The Newfoundland and Labrador Liberals under leader Andrew Furey have been re-elected with a slim majority after a campaign that was upended by the COVID-19 pandemic.
Results released Saturday by Elections NL gave the Liberals 22 of the province’s 40 seats, followed by the Progressive Conservatives with 13. The NDP dropped to just two seats and three Independents were elected.
Furey comfortably won his riding of Humber-Gros Morne, but both Progressive Conservative Leader Ches Crosbie and NDP Leader Alison Coffin were defeated by Liberals in their St. John’s ridings. Coffin lost by just 53 votes.
Preliminary figures put voter turnout at 48 per cent, a historic low for the province. Labrador’s Torngat Mountains district, which includes the fly-in Indigenous communities along the region’s north coast, saw a turnout of just 22 per cent, compared with more than 50 per cent in the 2019 election.
Coffin said the conclusion of the chaotic election, which encountered multiple delays and was shifted to mail-in ballots because of a COVID-19 outbreak last month, was “a dark day” in the province’s history.
“Our candidates have overcome astounding adversity. Our democratic sensibilities have been assailed,” she said soon after the results were announced. “Amid a pandemic and a Newfoundland and Labrador winter, we have the lowest voter turnout ever.”
In a speech to supporters at a small, socially distanced event in a St. John’s hotel, Furey said voters had given the Liberals “a clear majority mandate,” and he promised bold but unspecified change.
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“Our dire economic outlook was further burdened by the pandemic, and it took a massive toll, but it has also exposed an even bigger opportunity, a chance to make a tectonic shift in who we are and where we’re going as a province,” he said.
When asked by reporters if he had concerns about the legitimacy of the election, Furey replied concisely, “No.”
Crosbie, who after his party’s narrow 2019 defeat initially refused to concede victory to the Liberals, offered a more measured response Saturday.
Rather than hold a press conference, he sent media a brief recorded message. “An election can produce only one government,” Crosbie said in the video. “The people’s right to choose is absolute. That is what democracy means, and I am democracy’s most vigorous advocate. Today, I state unequivocally that I respect the will of the people.”
In mid-January, with COVID-19 case counts low, Furey called the election for Feb. 13, but an outbreak just before the vote prompted officials to cancel in-person voting. The Liberals had a minority government heading into the election, with 19 seats at dissolution compared to 15 for the Progressive Conservatives, three New Democrats and three Independents.
With a $16.4-billion net debt, Newfoundland and Labrador has the highest net-debt-to-GDP ratio in the country, and its latest budget forecasts a $1.84-billion deficit. But the staggering financial challenges largely took a back seat to the drama of an election thrown off the rails by COVID-19.
Furey, a 45-year-old orthopedic surgeon, had steered his campaign away from the dire financial outlook. Instead, he released a series of low-stakes promises, beginning with a pledge to increase community garden grants from $500 to $750.
Crosbie, on the other hand, was unabashed about bringing up the province’s risk of bankruptcy. During a televised leaders debate on Feb. 3, Furey accused Crosbie of being defeatist by even using the term and said the Tory leader was “campaigning to be the last premier of Newfoundland and Labrador.” Crosbie shot back and said he was a straight shooter.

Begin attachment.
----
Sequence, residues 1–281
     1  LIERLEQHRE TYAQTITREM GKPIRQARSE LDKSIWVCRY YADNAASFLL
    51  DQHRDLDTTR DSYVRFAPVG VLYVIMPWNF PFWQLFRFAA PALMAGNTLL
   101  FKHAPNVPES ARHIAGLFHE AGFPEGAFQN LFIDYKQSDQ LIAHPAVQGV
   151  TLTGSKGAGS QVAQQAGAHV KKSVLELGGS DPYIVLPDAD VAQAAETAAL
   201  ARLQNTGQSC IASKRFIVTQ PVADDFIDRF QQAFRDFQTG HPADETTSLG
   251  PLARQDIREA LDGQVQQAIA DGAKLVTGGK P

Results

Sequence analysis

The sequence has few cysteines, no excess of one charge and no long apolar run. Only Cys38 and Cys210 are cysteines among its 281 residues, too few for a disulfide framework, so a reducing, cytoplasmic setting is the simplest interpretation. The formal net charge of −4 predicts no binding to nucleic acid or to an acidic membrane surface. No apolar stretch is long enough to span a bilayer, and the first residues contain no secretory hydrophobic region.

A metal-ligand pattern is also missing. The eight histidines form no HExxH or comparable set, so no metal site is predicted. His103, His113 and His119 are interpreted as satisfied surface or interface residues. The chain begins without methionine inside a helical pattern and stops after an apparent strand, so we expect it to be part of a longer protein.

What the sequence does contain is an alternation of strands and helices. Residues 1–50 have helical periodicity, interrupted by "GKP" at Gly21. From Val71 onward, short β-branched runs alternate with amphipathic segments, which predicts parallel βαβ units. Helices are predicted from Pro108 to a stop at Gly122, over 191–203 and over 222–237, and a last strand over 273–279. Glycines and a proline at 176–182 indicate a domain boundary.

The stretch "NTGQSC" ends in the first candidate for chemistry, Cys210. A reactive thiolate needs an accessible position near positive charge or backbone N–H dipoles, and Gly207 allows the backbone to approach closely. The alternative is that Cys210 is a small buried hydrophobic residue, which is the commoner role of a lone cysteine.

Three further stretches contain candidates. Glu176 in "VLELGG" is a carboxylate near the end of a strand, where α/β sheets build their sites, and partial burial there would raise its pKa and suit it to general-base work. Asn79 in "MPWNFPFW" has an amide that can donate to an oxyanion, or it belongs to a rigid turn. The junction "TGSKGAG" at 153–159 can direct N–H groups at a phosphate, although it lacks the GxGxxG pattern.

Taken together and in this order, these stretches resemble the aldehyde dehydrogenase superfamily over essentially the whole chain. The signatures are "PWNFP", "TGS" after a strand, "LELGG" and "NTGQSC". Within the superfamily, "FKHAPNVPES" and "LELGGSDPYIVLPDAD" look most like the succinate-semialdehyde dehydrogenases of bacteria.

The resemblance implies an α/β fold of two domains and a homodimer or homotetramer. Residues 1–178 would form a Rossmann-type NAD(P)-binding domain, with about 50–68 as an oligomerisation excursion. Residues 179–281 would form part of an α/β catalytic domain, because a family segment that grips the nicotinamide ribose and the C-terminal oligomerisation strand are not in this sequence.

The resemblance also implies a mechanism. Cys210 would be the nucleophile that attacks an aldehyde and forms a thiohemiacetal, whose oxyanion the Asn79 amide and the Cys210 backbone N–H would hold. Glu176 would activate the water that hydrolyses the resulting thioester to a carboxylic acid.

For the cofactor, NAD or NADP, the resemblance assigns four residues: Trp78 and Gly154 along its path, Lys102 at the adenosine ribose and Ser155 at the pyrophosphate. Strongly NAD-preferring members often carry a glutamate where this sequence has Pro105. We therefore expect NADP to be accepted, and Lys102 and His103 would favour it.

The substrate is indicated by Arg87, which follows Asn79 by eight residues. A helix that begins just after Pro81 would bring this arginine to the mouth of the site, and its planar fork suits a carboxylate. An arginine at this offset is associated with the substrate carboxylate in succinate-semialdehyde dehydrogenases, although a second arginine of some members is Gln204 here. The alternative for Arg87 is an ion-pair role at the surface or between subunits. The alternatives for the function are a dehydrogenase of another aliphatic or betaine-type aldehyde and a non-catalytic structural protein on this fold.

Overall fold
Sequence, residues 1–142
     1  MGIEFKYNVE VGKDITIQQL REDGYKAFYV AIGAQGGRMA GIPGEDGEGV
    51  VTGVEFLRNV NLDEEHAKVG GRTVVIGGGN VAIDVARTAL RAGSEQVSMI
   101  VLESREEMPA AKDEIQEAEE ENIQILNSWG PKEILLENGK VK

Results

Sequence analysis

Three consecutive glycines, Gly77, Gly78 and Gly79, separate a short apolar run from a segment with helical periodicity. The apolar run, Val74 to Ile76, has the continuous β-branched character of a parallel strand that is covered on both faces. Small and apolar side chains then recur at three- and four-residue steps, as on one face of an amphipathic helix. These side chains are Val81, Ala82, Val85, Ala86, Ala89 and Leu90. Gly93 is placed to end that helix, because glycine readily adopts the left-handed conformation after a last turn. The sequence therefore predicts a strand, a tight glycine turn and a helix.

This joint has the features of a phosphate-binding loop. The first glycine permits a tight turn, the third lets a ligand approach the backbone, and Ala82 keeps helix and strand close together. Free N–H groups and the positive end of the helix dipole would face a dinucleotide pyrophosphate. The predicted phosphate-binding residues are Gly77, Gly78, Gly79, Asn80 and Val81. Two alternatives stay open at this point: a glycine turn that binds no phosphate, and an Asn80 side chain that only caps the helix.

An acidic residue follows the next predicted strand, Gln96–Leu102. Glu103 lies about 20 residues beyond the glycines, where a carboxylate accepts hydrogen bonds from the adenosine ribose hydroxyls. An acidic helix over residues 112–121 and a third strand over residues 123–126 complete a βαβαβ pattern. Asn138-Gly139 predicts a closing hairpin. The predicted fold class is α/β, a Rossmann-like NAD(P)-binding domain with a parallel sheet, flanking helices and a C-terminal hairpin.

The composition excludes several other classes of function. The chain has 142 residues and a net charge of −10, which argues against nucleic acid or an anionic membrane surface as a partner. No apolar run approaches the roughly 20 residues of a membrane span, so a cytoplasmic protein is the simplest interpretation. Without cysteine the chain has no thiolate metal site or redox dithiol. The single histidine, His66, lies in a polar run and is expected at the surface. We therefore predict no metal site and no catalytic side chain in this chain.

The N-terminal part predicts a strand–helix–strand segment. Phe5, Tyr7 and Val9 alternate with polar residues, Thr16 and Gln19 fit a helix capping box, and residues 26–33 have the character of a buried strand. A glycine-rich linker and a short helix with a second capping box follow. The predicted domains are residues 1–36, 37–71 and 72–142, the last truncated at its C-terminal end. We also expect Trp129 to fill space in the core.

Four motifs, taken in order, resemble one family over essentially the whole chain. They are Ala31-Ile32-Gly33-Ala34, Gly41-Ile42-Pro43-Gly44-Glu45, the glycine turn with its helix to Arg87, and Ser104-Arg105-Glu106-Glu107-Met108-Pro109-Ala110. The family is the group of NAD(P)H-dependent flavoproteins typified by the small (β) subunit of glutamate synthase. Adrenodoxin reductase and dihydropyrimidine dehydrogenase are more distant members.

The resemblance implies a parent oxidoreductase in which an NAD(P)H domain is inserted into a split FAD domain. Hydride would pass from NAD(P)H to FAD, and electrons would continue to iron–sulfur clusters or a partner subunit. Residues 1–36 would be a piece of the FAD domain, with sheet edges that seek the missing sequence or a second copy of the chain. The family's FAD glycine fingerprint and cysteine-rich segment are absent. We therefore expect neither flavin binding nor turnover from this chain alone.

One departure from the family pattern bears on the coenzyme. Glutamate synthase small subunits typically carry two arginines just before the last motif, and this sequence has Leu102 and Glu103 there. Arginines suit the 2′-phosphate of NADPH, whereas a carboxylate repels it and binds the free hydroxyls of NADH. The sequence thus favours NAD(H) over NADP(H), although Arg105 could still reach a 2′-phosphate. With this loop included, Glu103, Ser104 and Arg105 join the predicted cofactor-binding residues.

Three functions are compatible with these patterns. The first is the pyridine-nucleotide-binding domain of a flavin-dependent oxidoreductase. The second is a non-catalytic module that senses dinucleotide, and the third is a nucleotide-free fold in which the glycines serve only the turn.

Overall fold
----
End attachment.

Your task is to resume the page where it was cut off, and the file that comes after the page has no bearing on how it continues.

When asked Saturday for his take on Coffin and Crosbie both losing their seats, Furey said his team built an “optimistic, high-road agenda” for the province. “And I think that perhaps some of the results are reflected in the differences in our platforms.”
After several extensions and controversies, the final deadline for Elections NL to receive ballots was Thursday at 4 p.m. Chief electoral officer Bruce Chaulk drew fire after admitting he personally delivered ballots to some candidates in his neighbourhood, and this week Elections NL said Chaulk let four people vote by phone, even though he’d previously said phone voting was illegal.
Concerns were raised throughout the campaign that slow, weather-dependent mail services coupled with ballots provided only in English would disenfranchise voters in Labrador. Saturday’s figures show a turnout of just 37 per cent across the region’s four ridings.
When asked what he’d say to those who were unable to cast a ballot, Furey pledged to review the province’s Elections Act. “Regardless if there was a pandemic or not, these ballots should have been translated into Indigenous languages,” he said.
Amanda Bittner, a political science professor at Memorial University in St. John’s, said the election was remarkable for uniting the Progressive Conservatives and NDP – they both agreed the vote was a mess. The prolonged campaign, which at 10 weeks is now one of the longest in modern Canadian history, could have been an opportunity to get more people engaged, she said in an interview before results were released, pointing to the 78-day federal election in 2015 that saw a jump in voter turnout.
Instead, she said, “we have depressed turnout, disenfranchised tons of voters, and privileged other voters. And all at the whim of the chief electoral officer, which is absolutely not the way democracy is supposed to be.”
Newfoundland and Labrador was the fourth province to hold an election during the COVID-19 pandemic, following New Brunswick, British Columbia and Saskatchewan. Yukon Liberal Leader Sandy Silver called a territorial election earlier this month.
This report by The Canadian Press was first published March 27, 2021.
– With files from Michael MacDonald in Halifax